Cleveland transplant Ricardo Reinoso believes that giving everyone a seat at the proverbial table starts with doing just that.
This month, Reinoso launched Cleveland Dinners—a new initiative bringing diverse groups of Clevelanders together to break bread and discuss current issues openly and honestly. Reinoso knows firsthand how powerful these types of gatherings can be; after all, his upbringing largely revolved around them.
“I grew up in a family that loved to host people for dinner, and I learned that even people with vastly different philosophies could connect around the dinner table,” says Reinoso, a Tulsa native who moved to Cleveland three years ago by way of Washington, D.C. “Dining together creates a safe space to have a conversation about pretty much anything. At the core, this concept has been something I’ve always carried on.”
After seeing the success of the Decatur Dinners—a 1,200-person conversation about race that took place over a shared meal in 120 locations across Decatur, Georgia—Reinoso knew he had the perfect pedigree to bring a similar initiative to Cleveland. Held in August 2019, the timing coincided with Reinoso’s participation in the Neighborhood Leadership Development Program, which empowers emerging civic leaders by requiring them to helm a local project aimed at positive change.
As part of the NLDP cohort, Reinoso visited the Undesign the Redline exhibit and read the book Between the World and Me by Ta-Nehisi Coates. “NLDP really opened my eyes to systemic racism,” says Reinoso. “Reading the book coupled with visiting the exhibit made it clear that [founding] Cleveland Dinners was what I needed to do.”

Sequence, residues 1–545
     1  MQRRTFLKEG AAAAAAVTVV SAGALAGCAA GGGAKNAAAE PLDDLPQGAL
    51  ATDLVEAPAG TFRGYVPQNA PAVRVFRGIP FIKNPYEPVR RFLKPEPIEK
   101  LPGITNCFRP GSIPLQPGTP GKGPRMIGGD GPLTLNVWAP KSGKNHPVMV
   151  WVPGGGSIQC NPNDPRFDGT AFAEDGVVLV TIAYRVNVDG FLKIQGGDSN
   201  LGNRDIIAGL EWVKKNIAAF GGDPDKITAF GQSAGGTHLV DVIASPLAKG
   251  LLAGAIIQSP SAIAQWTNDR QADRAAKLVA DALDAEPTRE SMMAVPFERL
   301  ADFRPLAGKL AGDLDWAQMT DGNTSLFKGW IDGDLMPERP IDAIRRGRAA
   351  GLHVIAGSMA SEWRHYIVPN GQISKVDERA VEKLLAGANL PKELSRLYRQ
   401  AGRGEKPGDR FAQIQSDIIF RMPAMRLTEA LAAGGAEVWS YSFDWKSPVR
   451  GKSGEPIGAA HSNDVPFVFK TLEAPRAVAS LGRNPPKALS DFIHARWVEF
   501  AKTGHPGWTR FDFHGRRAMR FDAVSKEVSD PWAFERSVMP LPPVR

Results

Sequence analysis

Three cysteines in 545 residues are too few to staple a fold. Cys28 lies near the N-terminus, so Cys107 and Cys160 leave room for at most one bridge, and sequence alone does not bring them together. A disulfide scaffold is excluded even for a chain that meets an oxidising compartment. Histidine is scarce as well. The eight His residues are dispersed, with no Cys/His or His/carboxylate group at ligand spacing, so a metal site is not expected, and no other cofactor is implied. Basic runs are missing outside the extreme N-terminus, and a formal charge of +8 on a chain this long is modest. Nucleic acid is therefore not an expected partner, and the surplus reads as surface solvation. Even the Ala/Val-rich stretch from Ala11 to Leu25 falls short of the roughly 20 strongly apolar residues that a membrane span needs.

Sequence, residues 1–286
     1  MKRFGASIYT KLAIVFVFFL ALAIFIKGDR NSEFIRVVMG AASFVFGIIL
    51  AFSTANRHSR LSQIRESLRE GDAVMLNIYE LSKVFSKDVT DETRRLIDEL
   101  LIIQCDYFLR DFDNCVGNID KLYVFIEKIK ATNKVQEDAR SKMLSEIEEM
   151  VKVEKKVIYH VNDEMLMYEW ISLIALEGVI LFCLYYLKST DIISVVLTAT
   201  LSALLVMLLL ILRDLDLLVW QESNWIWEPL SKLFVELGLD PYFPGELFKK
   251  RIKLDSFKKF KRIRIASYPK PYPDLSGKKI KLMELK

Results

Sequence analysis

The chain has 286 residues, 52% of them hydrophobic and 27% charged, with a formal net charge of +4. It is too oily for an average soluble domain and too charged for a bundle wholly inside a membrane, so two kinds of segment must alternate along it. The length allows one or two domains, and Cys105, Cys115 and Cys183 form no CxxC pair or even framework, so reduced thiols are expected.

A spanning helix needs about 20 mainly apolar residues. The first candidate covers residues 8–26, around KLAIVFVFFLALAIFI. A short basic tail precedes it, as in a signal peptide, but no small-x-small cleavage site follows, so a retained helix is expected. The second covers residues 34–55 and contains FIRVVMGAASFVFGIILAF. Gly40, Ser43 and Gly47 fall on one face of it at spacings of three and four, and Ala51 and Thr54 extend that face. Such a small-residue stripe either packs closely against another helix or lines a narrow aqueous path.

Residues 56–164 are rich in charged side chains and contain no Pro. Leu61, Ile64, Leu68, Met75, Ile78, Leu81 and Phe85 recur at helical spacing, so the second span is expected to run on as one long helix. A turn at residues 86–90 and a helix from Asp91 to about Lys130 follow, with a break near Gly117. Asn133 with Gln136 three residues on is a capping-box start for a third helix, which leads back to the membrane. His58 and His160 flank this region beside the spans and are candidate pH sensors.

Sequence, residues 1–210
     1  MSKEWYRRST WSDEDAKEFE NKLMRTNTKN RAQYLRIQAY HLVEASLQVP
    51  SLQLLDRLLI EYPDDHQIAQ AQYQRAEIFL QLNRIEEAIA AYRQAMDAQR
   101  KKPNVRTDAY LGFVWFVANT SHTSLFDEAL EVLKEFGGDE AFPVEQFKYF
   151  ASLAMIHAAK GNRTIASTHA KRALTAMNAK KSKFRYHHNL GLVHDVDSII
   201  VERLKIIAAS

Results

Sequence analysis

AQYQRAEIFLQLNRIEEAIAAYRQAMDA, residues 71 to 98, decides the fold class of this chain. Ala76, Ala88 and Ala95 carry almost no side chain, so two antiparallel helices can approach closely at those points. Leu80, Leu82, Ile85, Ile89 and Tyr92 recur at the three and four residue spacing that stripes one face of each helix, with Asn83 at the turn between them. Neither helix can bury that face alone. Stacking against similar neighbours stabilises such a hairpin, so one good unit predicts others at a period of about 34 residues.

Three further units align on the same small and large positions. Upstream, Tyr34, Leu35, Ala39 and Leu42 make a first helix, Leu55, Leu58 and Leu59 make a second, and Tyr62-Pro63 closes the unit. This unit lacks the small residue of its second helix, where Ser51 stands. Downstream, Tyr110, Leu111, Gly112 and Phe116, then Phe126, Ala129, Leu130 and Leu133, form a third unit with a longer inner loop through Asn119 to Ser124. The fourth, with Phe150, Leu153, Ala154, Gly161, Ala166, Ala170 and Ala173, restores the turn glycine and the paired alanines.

Like the Decatur Dinners, Cleveland Dinners will utilize the “Chicago Dinners” model, which was introduced by the Human Relations Foundation of Chicago back in 1995 and reimagined as On the Table in 2014 (inspiring Cleveland Foundation’s Common Ground initiative). With thousands of participants to date, the model centers on bringing a wide variety of local residents and leaders to discuss race and racism.
“Racism is alive and well in every community in this nation, and we have to give people a safe space to have that conversation,” says Reinoso, who is the son of Peruvian immigrants. “I want to do that for Cleveland and allow people to connect with their neighbors and galvanize them into action.”
Each two-hour Cleveland Dinner will follow a similar format. The evening begins with a thought-provoking performance by a local actor, followed by facilitated discussions in breakout groups that are intentionally assigned with diversity in mind—and with the goal of bringing many perspectives to the table. “Having an actor present a short play or monologue helps set the tone for what becomes a facilitated conversation around the virtual dinner table,” says Reinoso, adding that he is in the process of reaching out to Karamu House and Cleveland Public Theatre to develop plays.
While all dinners will be held virtually until further notice, Reinoso hopes to host potluck dinners in homes, places of worship, and community spaces in the future. The next “test dinner” is being held this Sunday, Aug. 30, with the dinners officially launching in mid-October. Dinners will be held every six to eight weeks, with the eventual goal of hosting multiple dinners on the same evening.
Reinoso is energized by the possibilities, and he hopes that the intimate communal setting will help participants to open up and share their stories. “The real power lies in people sharing what they have experienced personally and bringing that to the conversation,” says Reinoso. “That’s when this takes on a life of its own.”